Yeah it’s possible, but would I like it?

Woke up way too early this morning with uncomfortable dreams. Rather than fight sleep, I decided to pick at my phone.

Yesterday my family had a good discussion about the invasive contact tracking that seems to be heading towards us all like a loaded freight train. We’re considering our options (Light Phone is the current front-runner) but in addition to the potential security gain, there’s also the quality of life gain and that’s what I was considering as I lay there, not sleeping, this morning.

Our phones have become useful companions over the last decade or so, but are they really meant to be companions? Additionally, has society shifted significantly enough to make going offline an extremely radical choice? Is that a choice I want to make?

In thinking about these questions I decided to start rearranging all those little icons on my own device (currently an iPhone 6s). This generated new questions that I tried to answer in this experiment.

What does the Light Phone provide out of the box?

  • Phone (includes Contacts)
  • Clock (includes Alarm functionality)
  • Texting (plain text only)
  • Calculator

I moved these apps to the pinned items bar. These are what I would have if I switched right now. This is a workable, usable device. The only hurt I feel within what’s available here is not having rich media texting. My family and friends make significant use of the ability to send photos.

What are the Light Phone folks planning on adding?

  • GPS
  • Music
  • Notes
  • Calendar

I moved everything else off of the home screen at this point. This honestly fills a LOT of my daily use, though it doesn’t match my personal workflow. All of these apps could be replaced relatively simply with analog equivalents. Having them available is just handy and make it possible to leave the house with just wallet, keys, and phone without much inconvenience.

What else does the iPhone provide out of the box (or nearly so) that I actually use?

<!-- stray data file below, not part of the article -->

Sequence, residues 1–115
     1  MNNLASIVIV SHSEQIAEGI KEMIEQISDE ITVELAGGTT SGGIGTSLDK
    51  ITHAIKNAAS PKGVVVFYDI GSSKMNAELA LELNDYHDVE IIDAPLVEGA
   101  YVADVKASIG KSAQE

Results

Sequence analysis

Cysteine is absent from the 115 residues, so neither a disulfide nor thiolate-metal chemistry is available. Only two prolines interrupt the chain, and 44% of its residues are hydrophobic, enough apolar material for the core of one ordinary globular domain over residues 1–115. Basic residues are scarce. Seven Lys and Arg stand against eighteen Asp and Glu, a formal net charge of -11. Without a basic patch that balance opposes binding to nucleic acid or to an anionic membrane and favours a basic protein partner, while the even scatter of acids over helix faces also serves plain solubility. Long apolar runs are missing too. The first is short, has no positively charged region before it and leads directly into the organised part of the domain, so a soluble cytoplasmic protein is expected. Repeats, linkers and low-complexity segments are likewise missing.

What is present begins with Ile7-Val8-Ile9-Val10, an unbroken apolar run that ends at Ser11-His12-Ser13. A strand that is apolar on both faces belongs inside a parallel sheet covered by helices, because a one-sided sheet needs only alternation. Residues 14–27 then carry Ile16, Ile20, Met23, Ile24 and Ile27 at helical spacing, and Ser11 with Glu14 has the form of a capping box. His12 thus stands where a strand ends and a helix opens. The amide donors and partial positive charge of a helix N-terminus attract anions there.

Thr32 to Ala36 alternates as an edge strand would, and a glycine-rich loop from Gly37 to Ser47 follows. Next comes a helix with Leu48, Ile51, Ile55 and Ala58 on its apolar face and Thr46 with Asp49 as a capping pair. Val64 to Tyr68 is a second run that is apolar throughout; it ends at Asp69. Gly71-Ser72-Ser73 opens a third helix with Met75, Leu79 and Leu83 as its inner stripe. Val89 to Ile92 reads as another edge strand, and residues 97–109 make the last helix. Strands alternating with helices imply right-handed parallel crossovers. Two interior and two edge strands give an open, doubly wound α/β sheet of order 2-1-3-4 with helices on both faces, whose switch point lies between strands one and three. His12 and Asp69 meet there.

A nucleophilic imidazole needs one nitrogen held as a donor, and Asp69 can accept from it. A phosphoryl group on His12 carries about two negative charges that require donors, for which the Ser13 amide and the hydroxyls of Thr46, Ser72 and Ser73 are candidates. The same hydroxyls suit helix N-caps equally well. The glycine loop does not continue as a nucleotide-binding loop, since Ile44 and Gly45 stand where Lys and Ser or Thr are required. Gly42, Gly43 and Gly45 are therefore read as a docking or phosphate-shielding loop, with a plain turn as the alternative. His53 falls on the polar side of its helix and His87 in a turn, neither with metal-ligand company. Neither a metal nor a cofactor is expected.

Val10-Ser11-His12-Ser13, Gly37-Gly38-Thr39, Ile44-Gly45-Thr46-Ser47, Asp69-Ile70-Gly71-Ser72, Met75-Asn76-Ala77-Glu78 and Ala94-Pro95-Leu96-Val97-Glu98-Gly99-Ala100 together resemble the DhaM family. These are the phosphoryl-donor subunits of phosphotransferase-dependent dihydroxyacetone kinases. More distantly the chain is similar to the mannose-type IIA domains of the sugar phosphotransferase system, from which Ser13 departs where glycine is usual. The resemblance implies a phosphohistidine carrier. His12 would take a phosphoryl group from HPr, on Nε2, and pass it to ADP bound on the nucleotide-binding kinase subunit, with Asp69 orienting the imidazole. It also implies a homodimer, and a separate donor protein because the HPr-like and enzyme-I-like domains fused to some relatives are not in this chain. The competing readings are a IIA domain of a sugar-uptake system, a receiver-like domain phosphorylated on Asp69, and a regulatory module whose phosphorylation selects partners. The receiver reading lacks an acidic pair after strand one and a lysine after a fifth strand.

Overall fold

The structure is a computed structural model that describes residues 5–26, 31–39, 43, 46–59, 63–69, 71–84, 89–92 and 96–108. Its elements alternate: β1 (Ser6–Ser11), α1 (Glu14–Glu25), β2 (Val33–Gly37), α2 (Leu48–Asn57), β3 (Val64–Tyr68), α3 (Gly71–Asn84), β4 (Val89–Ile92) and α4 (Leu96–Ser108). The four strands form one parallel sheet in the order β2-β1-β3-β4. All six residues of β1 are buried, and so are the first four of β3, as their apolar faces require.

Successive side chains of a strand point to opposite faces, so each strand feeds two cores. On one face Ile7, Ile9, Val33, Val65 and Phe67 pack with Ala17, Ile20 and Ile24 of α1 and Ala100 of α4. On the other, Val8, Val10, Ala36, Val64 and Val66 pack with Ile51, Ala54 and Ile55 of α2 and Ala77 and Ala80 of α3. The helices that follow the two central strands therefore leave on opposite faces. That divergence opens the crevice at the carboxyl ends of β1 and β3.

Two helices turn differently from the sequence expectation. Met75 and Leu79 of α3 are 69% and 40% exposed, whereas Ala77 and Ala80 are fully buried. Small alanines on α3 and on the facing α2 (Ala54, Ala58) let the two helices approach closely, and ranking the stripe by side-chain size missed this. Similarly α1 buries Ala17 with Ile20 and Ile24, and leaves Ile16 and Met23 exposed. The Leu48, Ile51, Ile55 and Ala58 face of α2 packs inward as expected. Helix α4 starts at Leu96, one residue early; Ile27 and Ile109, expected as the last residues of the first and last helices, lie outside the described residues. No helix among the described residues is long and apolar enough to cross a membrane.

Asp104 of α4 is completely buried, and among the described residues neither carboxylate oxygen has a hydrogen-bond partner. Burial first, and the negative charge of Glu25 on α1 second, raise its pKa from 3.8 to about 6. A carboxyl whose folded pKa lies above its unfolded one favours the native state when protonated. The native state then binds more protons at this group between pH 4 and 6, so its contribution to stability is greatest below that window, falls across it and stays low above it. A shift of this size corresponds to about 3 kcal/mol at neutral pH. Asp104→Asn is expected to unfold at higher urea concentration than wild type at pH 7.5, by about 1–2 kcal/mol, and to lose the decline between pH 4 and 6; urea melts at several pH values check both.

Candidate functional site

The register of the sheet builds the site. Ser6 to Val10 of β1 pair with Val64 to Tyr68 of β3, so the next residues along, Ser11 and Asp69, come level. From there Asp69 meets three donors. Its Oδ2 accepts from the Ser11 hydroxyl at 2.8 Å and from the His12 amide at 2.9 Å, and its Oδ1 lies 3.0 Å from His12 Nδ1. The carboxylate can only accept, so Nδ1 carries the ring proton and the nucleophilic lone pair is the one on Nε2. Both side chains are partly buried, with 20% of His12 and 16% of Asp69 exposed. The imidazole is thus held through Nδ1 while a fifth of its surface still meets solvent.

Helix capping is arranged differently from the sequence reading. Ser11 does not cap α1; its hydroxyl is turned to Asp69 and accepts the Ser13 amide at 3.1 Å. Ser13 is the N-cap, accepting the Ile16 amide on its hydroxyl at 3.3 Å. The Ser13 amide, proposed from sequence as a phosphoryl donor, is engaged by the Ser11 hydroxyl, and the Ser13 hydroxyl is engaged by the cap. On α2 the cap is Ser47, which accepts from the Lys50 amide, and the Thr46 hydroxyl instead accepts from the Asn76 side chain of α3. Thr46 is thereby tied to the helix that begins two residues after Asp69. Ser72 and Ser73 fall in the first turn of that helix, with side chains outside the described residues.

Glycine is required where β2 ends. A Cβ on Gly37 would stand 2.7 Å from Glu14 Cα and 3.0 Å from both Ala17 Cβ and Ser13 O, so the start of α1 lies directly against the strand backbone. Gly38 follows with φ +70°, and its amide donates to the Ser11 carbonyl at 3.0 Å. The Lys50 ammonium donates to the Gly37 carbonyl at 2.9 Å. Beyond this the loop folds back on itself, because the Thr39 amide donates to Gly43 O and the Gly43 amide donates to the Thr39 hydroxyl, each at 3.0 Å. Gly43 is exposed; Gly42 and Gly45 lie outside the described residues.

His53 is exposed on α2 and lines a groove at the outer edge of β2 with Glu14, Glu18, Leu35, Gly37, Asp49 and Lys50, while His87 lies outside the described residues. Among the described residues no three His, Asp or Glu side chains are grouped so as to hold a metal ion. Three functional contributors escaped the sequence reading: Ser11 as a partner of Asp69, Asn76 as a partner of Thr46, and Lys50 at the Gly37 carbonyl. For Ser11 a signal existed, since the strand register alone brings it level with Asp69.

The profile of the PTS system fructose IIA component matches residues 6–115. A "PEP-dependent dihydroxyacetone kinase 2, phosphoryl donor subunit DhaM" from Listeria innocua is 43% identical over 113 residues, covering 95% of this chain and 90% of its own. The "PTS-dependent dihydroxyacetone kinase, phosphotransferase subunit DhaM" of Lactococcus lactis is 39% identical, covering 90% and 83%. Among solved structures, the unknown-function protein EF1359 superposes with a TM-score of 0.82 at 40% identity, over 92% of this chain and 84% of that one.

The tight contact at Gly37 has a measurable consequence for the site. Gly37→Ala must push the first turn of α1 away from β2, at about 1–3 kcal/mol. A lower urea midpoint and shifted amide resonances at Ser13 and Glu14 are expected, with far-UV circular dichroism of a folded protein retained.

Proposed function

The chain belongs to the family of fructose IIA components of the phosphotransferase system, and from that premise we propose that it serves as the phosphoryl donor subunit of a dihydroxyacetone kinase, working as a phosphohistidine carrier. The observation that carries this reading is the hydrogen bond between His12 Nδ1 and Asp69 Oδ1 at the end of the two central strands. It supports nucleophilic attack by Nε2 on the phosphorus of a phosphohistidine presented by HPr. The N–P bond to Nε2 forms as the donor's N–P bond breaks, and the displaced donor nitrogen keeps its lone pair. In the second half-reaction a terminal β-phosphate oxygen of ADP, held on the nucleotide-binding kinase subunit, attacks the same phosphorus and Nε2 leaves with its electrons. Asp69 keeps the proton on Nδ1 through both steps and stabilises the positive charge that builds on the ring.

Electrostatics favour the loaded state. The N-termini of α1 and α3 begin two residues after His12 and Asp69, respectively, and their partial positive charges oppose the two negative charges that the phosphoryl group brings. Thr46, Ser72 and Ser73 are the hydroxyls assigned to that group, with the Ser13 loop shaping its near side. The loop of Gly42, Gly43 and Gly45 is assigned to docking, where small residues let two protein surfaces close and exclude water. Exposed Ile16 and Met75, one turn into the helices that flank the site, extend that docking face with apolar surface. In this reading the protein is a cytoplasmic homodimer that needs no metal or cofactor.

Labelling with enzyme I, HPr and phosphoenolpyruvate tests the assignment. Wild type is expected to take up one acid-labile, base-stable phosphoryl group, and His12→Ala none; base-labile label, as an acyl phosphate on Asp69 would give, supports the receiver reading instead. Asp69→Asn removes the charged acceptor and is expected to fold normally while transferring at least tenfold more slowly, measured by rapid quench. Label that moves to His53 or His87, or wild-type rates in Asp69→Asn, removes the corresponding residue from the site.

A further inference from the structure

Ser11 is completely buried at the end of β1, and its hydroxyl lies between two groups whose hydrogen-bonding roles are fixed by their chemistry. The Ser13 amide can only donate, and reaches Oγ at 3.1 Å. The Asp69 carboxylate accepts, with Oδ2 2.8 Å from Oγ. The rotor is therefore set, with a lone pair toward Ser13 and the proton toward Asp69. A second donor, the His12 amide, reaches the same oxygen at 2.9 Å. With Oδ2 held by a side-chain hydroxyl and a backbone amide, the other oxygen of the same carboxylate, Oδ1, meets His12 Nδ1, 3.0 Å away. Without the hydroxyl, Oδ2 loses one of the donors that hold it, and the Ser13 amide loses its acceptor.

• Reminders
  • Camera
  • Voice Memos
  • Mail
  • Photos
  • Podcasts
  • Safari
  • Weather

Now we’re looking at some meat and potatoes apps that I would genuinely miss. I was surprised to find that if I were to delete every single 3rd party app on my phone I would still feel like I had a very useful, dare I say magical, device.

Along with the others mentioned above, I truly do use every single one of these apps on a daily basis. Some of them, such as Reminders and Voice Memos, have significantly improved my quality of life as an autistic person. Others, such as Camera/Photos and Podcasts, genuinely spark joy.

What 3rd party apps do I genuinely use on a daily basis?

  • Habitica (todo list)
  • Trello (project planning)
  • Bear Writer (all my personal notes)
  • Slack (work and side project communication)
  • Recycle Coach (because holidays muck up the pickup schedules)
  • Clue (reproductive systems are weird)
  • LastPass (login all the things)
  • Threes (game as fidget spinner?)
  • myNoise (meditation and focus)
  • Workouts For Women (7 minute stretches)
  • Duolino (Sprichst du Deutsch?)

Yes, for the most part I don’t need to have 24/7 access to these things. When I’m out of the house some of them won’t get any use or they’re only touched a couple times a month or when a spontaneous question or thought comes up. They wouldn’t get replaced. See caveat two below.